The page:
Yes, it is fun to watch the young inspector Morse but it does take some getting used to to match the younger with the older. But both series can stand alone very well. In fact, it has been so long since I watch the younger and older it might behoove me to watch them all once more. Hmmm, in this long drought of so little to watch that just might work.

  2. Kate on September 16, 2020 at 3:42 pm

    I was binge watching a BBC series, only to discover that the series ended with a cliffhanger and didn’t get renewed. That is totally unfair.
    I am not fond of books that don’t stand on their own. It’s almost like the author is trying to force me to buy the next one.

  3. FORSTROM ROSEMARY on September 16, 2020 at 3:46 pm

    I enjoy both series and stand alone books. I do not like cliff hangers and I will stop reading an author if they end their books with cliff hangers. I am not interested in the fact the next book comes out soon, just finish the story and then write another book. I am currently reading a book by an author I enjoy and I am irritated because she is dragging two characters in and it is obvious they deserve their own book. I checked and they will get their own story but it feels as though she is devoting too much time with them and it is distracting us from the main story line. It is also possible that the pandemic situation is making me cranky. You mentioned your unfinished series. As a reader I hate it when publishers force an author to leave a series unfinished. Frustrating for you and your readers.

  4. Coelle Baskel on September 16, 2020 at 5:29 pm

    I seem to agree with others here that I love Stand Alone books as well as Series, but not a fan of ‘cliffhangers’….it’s hard for a reader to not feel this is just a ploy to sell more books. I now always read reviews of books I’m purchasing and if anyone mentions it’s a ‘cliffhanger’, I pass it up. On the other hand Series really draw me in …and love characters that fill the pages and almost become like friends. I’m sorry that your publisher wouldn’t allow you to continue a series…I had no idea that kind of thing happened.

  5. Sandie on September 16, 2020 at 6:52 pm

    I like them all. I love series if they’re short and I don’t have to wait months or longer for the next book. In fact, I usually wait until I have all the books before reading a series. I often read a series I like twice because I find things I missed the first time. I don’t mind cliffhangers If I don’t have to wait months for the next book. My favorites though are stand alone books with a bit of mystery or romantic suspense.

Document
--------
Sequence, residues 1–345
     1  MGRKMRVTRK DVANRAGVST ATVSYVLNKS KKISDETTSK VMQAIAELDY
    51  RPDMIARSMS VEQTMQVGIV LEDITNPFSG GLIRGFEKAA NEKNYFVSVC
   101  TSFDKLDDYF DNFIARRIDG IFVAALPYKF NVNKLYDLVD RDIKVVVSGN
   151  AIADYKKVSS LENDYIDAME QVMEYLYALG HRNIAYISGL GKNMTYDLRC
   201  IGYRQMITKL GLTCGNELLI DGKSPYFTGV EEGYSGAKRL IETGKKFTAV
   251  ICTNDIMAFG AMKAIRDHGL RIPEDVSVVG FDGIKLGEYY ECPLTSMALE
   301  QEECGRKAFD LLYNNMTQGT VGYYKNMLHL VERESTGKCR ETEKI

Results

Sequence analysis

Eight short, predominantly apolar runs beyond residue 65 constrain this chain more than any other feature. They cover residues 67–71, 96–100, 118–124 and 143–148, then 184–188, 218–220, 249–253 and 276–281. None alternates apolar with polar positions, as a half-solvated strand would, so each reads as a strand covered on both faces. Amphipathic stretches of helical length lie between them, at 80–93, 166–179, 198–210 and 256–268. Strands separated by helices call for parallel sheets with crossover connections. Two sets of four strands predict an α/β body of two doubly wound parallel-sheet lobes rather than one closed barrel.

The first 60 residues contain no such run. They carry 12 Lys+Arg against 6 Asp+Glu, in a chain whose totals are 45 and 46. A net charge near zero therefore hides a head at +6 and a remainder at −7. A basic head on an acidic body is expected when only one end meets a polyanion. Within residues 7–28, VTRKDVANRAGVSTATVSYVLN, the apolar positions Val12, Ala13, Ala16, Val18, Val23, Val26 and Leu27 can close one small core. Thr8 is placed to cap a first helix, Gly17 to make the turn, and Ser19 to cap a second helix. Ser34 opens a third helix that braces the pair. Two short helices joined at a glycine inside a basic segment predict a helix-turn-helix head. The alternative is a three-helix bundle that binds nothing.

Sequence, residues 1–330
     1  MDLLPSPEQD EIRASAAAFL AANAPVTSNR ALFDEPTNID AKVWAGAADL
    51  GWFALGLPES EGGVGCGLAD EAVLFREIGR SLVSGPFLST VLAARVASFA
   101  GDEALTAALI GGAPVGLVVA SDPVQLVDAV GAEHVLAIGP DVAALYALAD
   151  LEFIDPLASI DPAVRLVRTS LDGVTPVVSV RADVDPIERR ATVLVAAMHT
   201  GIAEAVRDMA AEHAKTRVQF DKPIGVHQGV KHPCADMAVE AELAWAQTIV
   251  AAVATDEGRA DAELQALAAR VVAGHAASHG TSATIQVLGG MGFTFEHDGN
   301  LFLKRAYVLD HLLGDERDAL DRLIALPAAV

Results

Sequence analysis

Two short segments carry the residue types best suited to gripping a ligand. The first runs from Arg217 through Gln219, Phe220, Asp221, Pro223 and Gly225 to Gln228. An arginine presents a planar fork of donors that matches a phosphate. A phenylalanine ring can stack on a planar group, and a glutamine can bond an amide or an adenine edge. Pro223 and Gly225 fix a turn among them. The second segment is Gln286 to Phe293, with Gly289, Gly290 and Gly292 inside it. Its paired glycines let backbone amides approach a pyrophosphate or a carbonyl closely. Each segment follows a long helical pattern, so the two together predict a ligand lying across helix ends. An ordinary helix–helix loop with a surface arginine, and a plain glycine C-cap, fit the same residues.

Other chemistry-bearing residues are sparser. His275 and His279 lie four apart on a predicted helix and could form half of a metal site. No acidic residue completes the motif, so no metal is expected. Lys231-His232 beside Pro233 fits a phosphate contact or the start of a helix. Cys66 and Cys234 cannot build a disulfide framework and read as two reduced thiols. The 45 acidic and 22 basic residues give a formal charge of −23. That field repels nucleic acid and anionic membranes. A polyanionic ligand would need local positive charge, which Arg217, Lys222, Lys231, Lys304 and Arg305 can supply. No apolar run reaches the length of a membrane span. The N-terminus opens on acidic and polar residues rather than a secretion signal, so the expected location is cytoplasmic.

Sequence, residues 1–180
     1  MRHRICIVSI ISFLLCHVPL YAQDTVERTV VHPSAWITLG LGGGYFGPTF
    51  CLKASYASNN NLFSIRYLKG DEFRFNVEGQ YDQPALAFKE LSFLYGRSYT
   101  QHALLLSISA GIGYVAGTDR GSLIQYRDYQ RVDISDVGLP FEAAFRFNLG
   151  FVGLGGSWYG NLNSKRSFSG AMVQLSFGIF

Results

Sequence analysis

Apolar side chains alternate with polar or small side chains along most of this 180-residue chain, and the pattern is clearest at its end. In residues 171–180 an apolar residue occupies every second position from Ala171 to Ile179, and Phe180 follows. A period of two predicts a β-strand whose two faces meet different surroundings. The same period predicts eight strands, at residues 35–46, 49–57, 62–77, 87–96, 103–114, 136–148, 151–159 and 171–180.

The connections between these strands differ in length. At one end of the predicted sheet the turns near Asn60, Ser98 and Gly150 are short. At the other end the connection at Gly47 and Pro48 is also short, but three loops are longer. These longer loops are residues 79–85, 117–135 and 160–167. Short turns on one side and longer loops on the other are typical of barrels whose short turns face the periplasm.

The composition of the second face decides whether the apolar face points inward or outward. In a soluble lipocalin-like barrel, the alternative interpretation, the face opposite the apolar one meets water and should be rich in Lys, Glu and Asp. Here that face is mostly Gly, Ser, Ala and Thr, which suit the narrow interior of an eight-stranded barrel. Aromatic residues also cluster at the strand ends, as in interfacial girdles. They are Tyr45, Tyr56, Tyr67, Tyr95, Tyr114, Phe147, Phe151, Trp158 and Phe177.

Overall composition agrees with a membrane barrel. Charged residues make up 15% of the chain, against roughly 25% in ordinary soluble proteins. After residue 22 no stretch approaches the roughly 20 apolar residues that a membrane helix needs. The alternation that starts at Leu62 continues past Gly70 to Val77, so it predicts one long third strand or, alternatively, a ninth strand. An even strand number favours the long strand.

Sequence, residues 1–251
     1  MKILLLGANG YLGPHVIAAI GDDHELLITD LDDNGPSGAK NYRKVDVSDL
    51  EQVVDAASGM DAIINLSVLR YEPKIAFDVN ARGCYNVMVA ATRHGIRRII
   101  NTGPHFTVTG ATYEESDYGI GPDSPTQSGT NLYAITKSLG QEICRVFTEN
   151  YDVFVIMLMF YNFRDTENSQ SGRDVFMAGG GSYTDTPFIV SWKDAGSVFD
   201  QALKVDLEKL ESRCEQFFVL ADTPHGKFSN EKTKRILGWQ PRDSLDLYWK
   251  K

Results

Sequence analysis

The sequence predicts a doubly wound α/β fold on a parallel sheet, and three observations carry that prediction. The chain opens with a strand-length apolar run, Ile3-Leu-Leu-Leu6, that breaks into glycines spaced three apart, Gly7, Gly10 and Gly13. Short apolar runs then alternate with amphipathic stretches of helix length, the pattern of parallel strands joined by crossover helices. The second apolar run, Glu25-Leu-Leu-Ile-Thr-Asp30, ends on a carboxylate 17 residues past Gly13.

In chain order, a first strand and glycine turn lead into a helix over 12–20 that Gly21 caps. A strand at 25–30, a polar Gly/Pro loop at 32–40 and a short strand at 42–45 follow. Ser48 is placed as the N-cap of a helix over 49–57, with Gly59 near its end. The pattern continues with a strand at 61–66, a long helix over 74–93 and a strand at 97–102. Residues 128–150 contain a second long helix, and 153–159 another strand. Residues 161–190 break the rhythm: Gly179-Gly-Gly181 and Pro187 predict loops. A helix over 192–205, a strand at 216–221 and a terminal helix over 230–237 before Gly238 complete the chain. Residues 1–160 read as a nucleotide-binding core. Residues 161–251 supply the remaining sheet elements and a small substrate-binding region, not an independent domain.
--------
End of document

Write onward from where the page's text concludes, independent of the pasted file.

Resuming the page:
6. DELORES on September 16, 2020 at 10:28 pm

    I enjoy both stand alone and series—as long as there isn’t too much time between succeeding books being published in the series. Otherwise, I tend to forget parts of the story and have to go back and review a little. I’m not real fond of cliffhangers but enjoy characters from early books playing a role in later books in a series to continue or complete their story. I am sorry you weren’t able to complete the Shenandoah and Goddess Anonymous series. I enjoyed both. Another author I review for only finished two of a three book series and I often wondered how the story of the third character would have ended. I find most stand alone novels have more depth and, of course, a more complete story.

  7. Nancy on September 17, 2020 at 7:40 pm

    No, I don’t want to be left hanging! And I really do like series, like the Goddesses. Loved those books. But a satisfactory ending is also appreciated. I do want them published on a timely basis so we can remember where we left off. I read a LOT so also enjoy stand alone books (with complete stories.)